Building up Automobile Tires, Akron, Ohio

Special Collections > Keystone Slides
tiff scanned file from original glass slide
In the crude rubber received at the factory are sticks, dirt, bits of leaves, and beetles. These are removed by grinding the rubber in a water bath. The particles of dirt are thus washed away. The rubber is now pure enough for the first process of manufacture. The next step is to mix the rubber with the chemicals. This is called compounding. In the factory here shown four or five hundred different chemicals are used to compound with rubber. Some of these are to give strength and toughness, others to give color to the rubber. It is possible to make rubber that is tougher than steel. The rubber is now ready for manufacturing purposes. What next happens to it depends on the uses to which it is to be put. For example, if it is to be made into the bandages that dentists stretch across the mouths of patients, it must be rolled very thin. This process is called sheeting. One of the greatest uses for rubber today is in the manufacture of automobile tires. You see here an automobile tire being built up. The framework of a tire is its body of fabric or tough cloth. On an iron core, the shape of the tire, this fabric is first wound several thicknesses. This is what the men here are doing. It is a work that demands care and skill. To become an expert workman in this department a man must have a steady hand, deft fingers, a clear eye, and good judgement. There is another way of building up tires. This is by using two crossed layers of heavy cords instead of fabric to wrap about the iron core. These cords have been filled with a rubber solution under high pressure. They are laid on the core by a machine. A tire so built up is called a Silvertown. Keystone ID: 22058 Note: All titles, descriptions, and location coordinates are from the original Keystone Slide documentation as supplied by the Keystone View Company. No text has been edited or changed.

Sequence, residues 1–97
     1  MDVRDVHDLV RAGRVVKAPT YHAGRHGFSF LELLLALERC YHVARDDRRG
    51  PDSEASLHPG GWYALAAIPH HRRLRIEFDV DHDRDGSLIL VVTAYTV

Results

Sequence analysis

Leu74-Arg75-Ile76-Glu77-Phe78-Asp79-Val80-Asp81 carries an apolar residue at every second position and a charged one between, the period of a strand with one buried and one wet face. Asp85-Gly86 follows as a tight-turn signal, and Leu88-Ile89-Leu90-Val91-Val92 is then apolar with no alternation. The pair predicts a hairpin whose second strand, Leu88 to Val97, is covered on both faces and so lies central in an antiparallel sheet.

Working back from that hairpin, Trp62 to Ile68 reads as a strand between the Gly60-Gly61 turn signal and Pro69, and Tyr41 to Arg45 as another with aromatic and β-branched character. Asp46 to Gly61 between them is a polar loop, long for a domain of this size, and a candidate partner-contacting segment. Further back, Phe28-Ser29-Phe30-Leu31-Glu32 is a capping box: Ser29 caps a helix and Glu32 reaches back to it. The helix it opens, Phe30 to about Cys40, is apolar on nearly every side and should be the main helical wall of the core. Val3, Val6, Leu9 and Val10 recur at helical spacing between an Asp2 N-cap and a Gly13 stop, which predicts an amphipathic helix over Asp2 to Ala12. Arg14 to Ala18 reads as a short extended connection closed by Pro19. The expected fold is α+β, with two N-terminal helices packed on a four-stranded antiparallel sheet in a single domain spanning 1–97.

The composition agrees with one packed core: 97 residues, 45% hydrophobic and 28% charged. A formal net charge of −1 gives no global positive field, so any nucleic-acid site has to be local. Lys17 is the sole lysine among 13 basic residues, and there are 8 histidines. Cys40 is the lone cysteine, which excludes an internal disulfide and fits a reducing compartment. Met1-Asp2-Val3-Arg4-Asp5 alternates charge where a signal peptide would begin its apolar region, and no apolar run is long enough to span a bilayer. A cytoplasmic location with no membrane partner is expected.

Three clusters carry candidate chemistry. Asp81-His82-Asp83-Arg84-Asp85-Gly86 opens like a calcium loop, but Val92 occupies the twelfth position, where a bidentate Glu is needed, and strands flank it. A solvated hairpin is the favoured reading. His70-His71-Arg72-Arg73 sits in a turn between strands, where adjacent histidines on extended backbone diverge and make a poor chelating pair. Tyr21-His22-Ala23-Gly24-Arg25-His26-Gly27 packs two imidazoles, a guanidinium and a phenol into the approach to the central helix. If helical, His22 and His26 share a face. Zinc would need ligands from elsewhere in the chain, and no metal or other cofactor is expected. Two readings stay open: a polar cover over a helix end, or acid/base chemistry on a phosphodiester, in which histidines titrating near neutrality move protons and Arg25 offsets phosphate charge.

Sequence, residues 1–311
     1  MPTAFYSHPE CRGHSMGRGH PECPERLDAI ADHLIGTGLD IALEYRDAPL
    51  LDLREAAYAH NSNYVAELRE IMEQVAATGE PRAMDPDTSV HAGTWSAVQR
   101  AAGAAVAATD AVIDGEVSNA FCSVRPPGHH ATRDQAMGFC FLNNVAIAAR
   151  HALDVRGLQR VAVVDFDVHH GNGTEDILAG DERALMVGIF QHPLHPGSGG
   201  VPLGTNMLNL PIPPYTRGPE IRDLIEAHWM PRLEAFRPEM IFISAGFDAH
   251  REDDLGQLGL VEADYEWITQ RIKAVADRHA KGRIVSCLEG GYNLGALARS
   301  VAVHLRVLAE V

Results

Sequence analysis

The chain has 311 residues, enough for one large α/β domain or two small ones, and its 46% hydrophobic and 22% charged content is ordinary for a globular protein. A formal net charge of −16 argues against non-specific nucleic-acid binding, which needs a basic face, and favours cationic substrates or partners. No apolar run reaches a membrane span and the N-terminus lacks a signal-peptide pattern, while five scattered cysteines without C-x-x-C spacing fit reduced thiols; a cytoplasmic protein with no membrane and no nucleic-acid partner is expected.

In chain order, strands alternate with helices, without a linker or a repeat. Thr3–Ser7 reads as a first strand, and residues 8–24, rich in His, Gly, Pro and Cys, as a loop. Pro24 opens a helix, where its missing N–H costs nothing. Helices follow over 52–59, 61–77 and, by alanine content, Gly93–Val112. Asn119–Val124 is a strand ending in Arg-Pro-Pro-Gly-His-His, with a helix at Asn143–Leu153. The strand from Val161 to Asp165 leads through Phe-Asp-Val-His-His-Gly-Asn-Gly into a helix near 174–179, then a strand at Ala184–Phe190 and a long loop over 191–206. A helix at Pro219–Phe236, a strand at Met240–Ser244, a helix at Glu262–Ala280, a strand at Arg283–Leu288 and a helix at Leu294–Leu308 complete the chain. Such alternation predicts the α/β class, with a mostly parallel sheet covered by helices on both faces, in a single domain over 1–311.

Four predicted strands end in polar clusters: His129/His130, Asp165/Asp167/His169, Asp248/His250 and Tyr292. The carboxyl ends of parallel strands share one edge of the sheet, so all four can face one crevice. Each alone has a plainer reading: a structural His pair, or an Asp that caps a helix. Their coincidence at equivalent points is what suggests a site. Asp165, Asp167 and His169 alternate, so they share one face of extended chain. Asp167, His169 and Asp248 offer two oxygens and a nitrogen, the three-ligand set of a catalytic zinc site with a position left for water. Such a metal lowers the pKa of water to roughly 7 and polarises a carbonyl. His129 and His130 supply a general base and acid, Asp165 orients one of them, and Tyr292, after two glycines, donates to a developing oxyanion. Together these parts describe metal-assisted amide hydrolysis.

Copyright by the Keystone View Company. The original slides are housed in McConnell Library's Special Collections.